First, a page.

Recovery is coming for manufacturers, but there will never be the same normal.
In the aftermath from the Great Recession of 2008-09, manufacturing was the leader on the path toward U.S. economic recovery. At that time, lower energy prices, high labor productivity, and volatility in international supply chains made the United States a favorable location for manufacturing goods. Durable goods manufacturing returned to its pre-recession output peak in the first quarter of 2013, well ahead of other sectors, and it took the overall economy until 2018 to meet its pre-recession potential GDP, according to the Federal Reserve.
The major question with this recovery is the type of normal to which the industry can return. While post-2009 manufacturers may have found themselves having to overhaul their financial or business models, they weren’t left with also having to do things like procure thousands or even millions of face masks for their employees, or install plexiglass shields between workstations, or suddenly switch to a virtual workforce with little time to prepare.
Manufacturing Leadership Council members have shared about some of these changes. It’s been big things like leave policies, with Amway providing workers with overtime and additional comp pay in the early weeks of the outbreak and temporarily suspending its leave policies. It’s smaller things, like General Motors blocking off chairs in meeting spaces and coaching its employees on the safe use of shop floor fans to prevent virus spread. It’s meant staggering shift start times and rotating breaks. Just about everywhere, employees are required to wear face masks, and a lot of them are subject to a temperature screening when they show up for work.
9/11 was the last major event that ushered in radical change to many aspects of our day-to-day life. Now we accept as normal that we go through a full-body scan before we get on an airplane, and that we can no longer meet our loved ones at the gate. We find security checkpoints at places like the art museum or the amusement park or at the entrance to a baseball game. We submit more documentation to obtain things like drivers’ licenses and passports. We seldom question any of this; it has become normal. What stays with us beyond the pandemic is yet to be seen.
In their factories and throughout their entire supply chains, manufacturers are discovering their own operational new normal. While worker safety has long been a business critical priority for manufacturers, it has expanded from the interface between employees and equipment to now encompass interactions between employees and other employees. Considerations for pathogen transmission, once reserved for healthcare and other sanitation-sensitive settings, have now moved into all areas of the factory, not just the clean rooms and labs.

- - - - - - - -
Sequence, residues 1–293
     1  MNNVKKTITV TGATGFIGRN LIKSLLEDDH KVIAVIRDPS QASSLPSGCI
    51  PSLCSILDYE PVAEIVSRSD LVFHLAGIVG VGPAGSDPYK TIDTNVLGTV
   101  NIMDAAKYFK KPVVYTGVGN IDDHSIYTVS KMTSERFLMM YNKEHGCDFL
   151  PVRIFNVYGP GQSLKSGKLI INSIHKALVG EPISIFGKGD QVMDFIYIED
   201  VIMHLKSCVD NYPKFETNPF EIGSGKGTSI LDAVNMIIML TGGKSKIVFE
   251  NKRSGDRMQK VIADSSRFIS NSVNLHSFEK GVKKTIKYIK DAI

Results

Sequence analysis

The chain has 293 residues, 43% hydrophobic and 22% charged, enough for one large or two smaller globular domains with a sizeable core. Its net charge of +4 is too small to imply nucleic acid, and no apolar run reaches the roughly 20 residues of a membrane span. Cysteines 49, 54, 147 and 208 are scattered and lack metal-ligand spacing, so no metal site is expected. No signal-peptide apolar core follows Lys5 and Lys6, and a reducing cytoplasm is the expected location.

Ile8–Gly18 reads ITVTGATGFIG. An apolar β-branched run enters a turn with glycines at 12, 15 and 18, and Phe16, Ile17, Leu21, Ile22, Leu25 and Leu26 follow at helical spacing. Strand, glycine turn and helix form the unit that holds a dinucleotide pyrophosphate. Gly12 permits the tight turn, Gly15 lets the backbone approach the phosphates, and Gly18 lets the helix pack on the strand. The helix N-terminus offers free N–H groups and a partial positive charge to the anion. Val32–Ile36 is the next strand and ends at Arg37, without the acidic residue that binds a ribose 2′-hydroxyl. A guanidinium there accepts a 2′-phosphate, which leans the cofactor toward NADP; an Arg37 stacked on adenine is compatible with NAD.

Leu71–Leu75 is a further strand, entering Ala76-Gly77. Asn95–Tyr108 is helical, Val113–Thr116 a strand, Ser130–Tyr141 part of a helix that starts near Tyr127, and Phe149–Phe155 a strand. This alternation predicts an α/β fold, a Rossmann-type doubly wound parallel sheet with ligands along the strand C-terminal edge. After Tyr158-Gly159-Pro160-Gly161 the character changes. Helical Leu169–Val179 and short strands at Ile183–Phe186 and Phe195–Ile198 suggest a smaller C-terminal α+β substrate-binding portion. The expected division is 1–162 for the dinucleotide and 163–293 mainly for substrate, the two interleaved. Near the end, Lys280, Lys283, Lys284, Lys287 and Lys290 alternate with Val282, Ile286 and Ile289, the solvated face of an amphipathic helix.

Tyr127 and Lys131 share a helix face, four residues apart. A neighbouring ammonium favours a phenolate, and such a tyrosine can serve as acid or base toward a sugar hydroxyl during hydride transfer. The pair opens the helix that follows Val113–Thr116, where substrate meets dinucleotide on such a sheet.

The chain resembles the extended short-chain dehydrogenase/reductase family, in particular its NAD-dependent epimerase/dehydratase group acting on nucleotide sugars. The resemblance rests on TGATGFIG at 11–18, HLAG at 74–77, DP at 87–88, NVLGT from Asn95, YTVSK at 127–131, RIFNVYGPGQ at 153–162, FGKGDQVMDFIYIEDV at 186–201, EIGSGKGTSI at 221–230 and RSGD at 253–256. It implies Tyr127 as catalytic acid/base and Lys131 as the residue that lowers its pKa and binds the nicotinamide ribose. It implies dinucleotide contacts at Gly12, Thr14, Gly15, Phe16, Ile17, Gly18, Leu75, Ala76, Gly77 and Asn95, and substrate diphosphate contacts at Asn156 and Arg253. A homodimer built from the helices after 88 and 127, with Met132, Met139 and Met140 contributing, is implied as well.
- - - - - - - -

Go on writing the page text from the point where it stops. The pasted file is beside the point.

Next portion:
It’s the industry’s tried and true values that lie at the heart of this recovery — resilience, the desire to find better solutions, the ability to adapt.
It also means tradeoffs. Bradley Rick, Director of Manufacturing at Amway, says his company has implemented staff and equipment grids to limit interactions between employees. While it’s been effective for minimizing the impact of potential infections, it has also limited production and the agility that is usually afforded through Amway’s skills-based team strategy. “It prevents the flow of people to work, which can limit our flexibility in production scheduling.”
Rick says their new focus is how to safely return employees who have been working remotely without disrupting the practices that essential employees have assimilated. “We are assessing the necessity of certain supply chain functions to work on campus, like planning and procurement, since many of those employees have been very effective working at home.”
Indeed, the future is likely to be one of a hybrid virtual and physical organization. “If there has been any light in this, it might be that we’ve discovered our ability to work in a more virtual world,” said Doug Carson, Assistant President and Director – Business and Product Development at BWI Group, an automotive supplier. But it’s not just for strictly back-office jobs. “We’ve had at least one customer ask that we investigate VR technology so they could perform site evaluations remotely.”
While remote shop floor operation is nothing new, the pandemic has given manufacturers the onus to accelerate and prioritize its uses. Operational activities like equipment service, verification, inspection, and monitoring are more often getting done remotely, making companies reconsider how often they need to send employees to outside facilities. “It is likely we will see a reduced level of travel which is, by definition, non-value added,” Carson said. That means even after travel restrictions have lifted, the engineer accustomed to getting on a long flight to visit a customer facility may now find themselves doing much of that work virtually.
But while it might be advanced technologies that will be manufacturing’s means of revival, it’s really the industry’s tried and true values that lie at the heart of this recovery – resilience, the desire to find better solutions, the ability to adapt. “In the end, events like these should make the entire enterprise stronger,” Carson said. “That might be the biggest benefit of all.” M